Last week’s report that British food retailer The Co-operative Food has scrapped its online grocery service should send a red flag throughout the food logistics community. According to The London Evening Standard, the retailer decided after one year that its online grocery service is unprofitable. The Co-operative reportedly plans to cut its losses and re-invest in smaller stores as a way to battle growing e-commerce competition.
The move demonstrates the difficulty food retailers have encountered trying to respond to the e-commerce challenge which is changing retail as we have known it. Logistics providers that want to strengthen their marketing positions have an opportunity to help retailers cope with this challenge. Logistics plays an important role in making e-commerce profitable for brick and mortar retailers.
Given what’s happening across the pond, where food e-commerce has evolved more than in the U.S., it’s a good bet that many retailers will be interested in getting as much information about omnichannel fulfillment as they plan ways to respond to e-commerce competition.
British retailers like The Co-operative have felt the squeeze from e-commerce competition more than their U.S. counterparts due to Tesco’s exceptional success as an online merchant.
According to British media reports, The Co-operative tested its online grocery service for a year and found it cannibalized in-store sales. The company has discontinued the service, but it still offers free home delivery for minimum orders of 25 British pounds (about $42 U.S).
Food retailers simply can’t ignore the competitive threat. Consumers are becoming increasingly adept at using mobile devices for researching their shopping choices.
Last week, The Wall Street Journal reported that shopper visits to brick and mortar stores have fallen by 5 percent or more every month for the past two years, a trend unchanged by the warmer summer weather. The article noted that shoppers are using mobile phones to study prices and cherry pick promotions.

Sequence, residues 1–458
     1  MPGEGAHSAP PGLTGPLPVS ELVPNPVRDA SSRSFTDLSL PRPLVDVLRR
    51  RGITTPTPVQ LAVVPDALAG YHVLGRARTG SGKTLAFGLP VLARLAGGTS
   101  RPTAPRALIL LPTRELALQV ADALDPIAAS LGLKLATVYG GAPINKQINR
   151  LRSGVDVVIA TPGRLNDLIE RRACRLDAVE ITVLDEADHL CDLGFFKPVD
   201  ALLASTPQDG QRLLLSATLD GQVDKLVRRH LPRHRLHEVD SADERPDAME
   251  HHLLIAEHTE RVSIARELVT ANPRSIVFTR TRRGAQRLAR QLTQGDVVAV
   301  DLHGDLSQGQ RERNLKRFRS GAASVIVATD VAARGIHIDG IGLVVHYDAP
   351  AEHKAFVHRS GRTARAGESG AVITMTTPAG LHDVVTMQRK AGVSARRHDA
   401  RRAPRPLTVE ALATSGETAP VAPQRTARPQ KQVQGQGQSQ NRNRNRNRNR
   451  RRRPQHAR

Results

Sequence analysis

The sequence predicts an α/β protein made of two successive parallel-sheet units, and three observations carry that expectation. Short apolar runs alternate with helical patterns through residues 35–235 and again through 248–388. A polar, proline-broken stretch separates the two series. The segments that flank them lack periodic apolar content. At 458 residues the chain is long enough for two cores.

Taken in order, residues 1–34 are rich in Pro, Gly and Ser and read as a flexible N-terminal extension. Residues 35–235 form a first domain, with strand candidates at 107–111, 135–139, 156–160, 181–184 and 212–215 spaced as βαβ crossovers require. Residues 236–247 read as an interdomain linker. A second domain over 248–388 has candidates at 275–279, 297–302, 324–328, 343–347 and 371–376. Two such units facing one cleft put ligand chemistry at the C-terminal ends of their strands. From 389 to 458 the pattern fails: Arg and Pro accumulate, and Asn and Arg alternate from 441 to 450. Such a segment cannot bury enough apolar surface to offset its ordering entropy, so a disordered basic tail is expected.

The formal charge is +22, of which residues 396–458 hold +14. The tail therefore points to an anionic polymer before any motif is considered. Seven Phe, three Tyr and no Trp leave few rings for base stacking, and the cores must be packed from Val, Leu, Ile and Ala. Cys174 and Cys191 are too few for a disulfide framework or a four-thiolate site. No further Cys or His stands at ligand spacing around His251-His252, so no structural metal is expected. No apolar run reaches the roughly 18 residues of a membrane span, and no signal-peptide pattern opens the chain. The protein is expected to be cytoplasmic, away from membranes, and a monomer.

Retailers recognize that while visits to brick and mortar stores are declining, consumer spending on groceries has increased as consumer confidence has recovered slowly from the recession. The recently-released U.S. Grocery Shopper Trends study from the Grocery Manufacturers Association reports that weekly grocery spending increased from 2006 to 2013 before posting a slight decline in 2014.
E-commerce still remains a small piece of the total retail pie, especially for the food and beverage sector. (According to the Grocery Manufacturers Association, only 8 percent of shoppers have ordered groceries online and 68 percent of Americans have not used any online tools as part of their grocery shopping.)
But e-commerce is growing. And retailers recognize there is opportunity to strengthen the loyalty of these customers through Internet communication.
A recent study of more than 500 leading North American retailers by Boston Retail Partners, a retail consulting firm, found that 93 percent of respondents are working toward unifying their operations so that they can serve customers in a consistent way whether they shop in stores, on websites or via mobile devices. Not one of the retail companies claims to have fully unified its operations, and only 22 percent say they had merged their channel teams into a single organization.
The e-commerce challenge is largely a logistics issue for retailers. Getting in front of the customer with an e-commerce offering is not the challenge. Being able to assure a customer that the product they want to purchase from a web page is a challenge. Being able to deliver it in a timely manner is also challenge.
Retailers cannot move forward with e-commerce until they know they can verify inventory availability, pick and deliver a product in a limited time frame, maintain customer satisfaction, and do it all in a profitable manner.
Food retailers face more challenges than other retailers due to shelf life issues, which explains why online purchases represent a smaller portion of total food purchases than for retail as a whole.
In the U.K., retailers fulfill Internet orders from inventory in traditional brick and mortar stores. The downside for chain organizations is that not all stores in a chain stock the full product range. Another problem is the congestion it can bring to store environment.
In the U.S., the customer population is much less dense than it is in the U.K. Hence, the economics of servicing online orders is less favorable.
According to retail software observers, retailers will need to spend millions of dollars to enter the home delivery market, including building new fulfillment centers or dark stores, creating mobile and online apps, and overhauling technology systems to enable home delivery of orders.
It’s a tall order, to be sure. One that currently has the food industry in a tizzy.